BACKGROUND: The authors conducted a study of dental services used by women of childbearing age who were enrolled in Medicaid in Oregon during the early 2000s, a period of reform during which health care coverage was expanded. They compared claims for pregnant women, women who were not pregnant and had children and women who were not pregnant and did not have children. They also compared differences in claims between those for women enrolled in managed care and those for women enrolled in fee-for-service plans.
METHODS: The authors computed the proportion of women for whom a dental claim was submitted in six-month spans for 2000, 2001, 2002 (before reform) and 2005 (after reform).
RESULTS: Before and after reforms, the mean utilization rate for pregnant women, adjusted for the proportion of the period covered, decreased from 0.36 (standard deviation [SD] = 0.025) to 0.22 (SD = 0.028). Among women who were not pregnant and had children, the average adjusted rates decreased from 0.49 (SD = 0.201) to 0.21 (SD = 0.078). The pattern was similar among women who had no dependent children: rates decreased from 0.50 (SD = 0.028) to 0.19 (SD = 0.078). Most of the claims were for diagnostic services. The authors found no differences between women enrolled in managed care and those enrolled in fee-for-service plans.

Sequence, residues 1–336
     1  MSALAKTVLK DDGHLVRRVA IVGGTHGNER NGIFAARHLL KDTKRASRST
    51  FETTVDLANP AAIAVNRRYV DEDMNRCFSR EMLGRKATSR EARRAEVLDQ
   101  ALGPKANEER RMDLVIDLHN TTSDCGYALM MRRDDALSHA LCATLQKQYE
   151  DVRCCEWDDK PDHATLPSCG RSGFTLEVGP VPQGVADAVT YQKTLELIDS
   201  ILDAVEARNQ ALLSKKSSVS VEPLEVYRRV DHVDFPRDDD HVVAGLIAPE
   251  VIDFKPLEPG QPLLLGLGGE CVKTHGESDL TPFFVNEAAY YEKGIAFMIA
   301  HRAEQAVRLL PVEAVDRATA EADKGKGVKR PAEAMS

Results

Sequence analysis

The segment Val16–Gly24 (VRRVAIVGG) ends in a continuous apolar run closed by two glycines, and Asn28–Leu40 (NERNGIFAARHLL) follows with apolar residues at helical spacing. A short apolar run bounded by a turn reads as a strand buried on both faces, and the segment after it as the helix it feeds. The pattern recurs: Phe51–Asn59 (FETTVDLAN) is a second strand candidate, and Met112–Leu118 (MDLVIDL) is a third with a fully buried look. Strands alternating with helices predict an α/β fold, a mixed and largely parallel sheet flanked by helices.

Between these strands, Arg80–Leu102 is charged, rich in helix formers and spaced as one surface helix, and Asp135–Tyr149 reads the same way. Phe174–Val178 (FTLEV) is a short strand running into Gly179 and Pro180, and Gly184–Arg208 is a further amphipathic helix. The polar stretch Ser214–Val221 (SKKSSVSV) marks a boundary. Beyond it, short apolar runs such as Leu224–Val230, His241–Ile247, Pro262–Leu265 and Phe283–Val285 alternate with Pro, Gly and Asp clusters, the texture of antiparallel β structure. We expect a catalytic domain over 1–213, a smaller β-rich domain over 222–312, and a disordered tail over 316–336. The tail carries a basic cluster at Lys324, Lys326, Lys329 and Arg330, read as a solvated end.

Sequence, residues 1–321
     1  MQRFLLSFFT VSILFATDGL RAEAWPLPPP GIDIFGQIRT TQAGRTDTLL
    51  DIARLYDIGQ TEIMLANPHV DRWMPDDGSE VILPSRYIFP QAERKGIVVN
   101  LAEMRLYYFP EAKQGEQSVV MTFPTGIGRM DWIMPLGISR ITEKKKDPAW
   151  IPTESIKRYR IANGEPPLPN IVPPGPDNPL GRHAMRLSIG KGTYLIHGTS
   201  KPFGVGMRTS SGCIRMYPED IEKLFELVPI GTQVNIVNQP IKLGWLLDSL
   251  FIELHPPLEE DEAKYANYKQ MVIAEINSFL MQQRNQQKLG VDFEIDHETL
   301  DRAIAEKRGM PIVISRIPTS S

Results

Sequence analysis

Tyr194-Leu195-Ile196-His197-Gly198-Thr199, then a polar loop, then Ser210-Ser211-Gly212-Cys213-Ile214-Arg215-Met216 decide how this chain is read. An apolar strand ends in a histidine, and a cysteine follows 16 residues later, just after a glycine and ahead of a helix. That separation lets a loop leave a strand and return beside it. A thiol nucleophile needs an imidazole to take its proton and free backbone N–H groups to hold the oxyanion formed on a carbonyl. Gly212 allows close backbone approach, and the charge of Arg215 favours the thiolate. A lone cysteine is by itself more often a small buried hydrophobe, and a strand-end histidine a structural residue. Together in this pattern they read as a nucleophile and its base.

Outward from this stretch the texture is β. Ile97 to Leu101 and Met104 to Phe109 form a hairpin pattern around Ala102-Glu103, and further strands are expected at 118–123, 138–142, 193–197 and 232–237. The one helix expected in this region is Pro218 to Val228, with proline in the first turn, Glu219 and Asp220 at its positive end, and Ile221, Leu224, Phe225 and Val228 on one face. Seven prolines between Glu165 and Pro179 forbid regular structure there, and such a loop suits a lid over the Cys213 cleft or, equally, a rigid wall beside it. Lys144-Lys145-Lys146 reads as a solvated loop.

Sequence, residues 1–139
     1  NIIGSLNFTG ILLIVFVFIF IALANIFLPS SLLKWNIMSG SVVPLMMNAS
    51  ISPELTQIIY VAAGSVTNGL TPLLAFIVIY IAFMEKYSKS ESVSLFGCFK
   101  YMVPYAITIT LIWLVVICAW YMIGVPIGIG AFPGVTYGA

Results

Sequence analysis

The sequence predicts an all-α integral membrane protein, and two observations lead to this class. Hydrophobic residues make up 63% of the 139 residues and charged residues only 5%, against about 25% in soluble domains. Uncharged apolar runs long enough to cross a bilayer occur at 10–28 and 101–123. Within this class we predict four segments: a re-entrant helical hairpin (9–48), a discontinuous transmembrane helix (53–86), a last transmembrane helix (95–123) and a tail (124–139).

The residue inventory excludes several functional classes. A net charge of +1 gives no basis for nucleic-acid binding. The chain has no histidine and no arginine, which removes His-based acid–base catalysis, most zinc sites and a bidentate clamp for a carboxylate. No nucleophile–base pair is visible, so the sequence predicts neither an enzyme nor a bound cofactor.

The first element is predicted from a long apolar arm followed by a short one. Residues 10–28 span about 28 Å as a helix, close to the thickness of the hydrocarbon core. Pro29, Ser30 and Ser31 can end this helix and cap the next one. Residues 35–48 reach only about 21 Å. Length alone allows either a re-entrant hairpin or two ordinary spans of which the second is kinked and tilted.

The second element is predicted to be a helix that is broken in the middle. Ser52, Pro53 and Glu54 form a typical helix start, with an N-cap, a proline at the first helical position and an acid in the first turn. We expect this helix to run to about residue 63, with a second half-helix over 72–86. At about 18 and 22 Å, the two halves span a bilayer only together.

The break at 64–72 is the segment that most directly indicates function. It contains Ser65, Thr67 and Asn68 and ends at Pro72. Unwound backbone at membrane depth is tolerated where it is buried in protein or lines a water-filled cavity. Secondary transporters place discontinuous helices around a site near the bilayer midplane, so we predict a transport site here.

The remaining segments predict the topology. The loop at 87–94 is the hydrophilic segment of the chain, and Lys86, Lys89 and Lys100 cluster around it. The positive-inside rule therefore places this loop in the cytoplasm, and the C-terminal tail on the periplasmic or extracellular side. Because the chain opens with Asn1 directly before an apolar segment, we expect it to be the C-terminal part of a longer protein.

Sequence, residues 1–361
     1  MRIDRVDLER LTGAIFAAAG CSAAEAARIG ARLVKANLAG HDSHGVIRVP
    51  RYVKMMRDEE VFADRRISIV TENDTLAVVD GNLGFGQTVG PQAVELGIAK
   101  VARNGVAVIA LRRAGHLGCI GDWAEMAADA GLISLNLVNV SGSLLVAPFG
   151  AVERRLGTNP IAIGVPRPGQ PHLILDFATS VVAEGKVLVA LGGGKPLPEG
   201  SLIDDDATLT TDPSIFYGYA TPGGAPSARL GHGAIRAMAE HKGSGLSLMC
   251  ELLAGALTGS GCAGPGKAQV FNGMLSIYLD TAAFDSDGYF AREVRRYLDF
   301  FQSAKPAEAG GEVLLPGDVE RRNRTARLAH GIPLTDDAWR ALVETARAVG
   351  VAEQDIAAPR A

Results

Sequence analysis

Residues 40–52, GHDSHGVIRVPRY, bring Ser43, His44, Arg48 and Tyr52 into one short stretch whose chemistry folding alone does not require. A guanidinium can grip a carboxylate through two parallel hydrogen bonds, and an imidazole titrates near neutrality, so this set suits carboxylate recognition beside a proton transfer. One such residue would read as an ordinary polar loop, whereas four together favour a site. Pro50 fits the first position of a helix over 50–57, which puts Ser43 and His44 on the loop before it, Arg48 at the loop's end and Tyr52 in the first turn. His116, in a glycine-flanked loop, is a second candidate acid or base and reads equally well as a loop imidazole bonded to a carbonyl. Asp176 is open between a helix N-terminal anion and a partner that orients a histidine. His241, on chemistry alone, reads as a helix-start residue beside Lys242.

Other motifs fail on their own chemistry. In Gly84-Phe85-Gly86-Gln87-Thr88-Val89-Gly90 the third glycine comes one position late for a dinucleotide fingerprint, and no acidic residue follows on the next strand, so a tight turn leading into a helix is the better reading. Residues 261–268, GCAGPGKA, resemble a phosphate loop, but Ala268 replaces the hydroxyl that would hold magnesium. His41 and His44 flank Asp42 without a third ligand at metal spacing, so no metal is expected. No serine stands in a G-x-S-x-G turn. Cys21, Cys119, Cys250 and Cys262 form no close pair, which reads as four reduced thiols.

CONCLUSION: Contrary to their intention, health care reforms in Oregon were detrimental to the vulnerable populations that Medicaid is intended to serve.
CLINICAL IMPLICATIONS: Dental care is important for maternal and child health. However, utilization is unlikely to improve without changes in Medicaid and the dental care delivery system.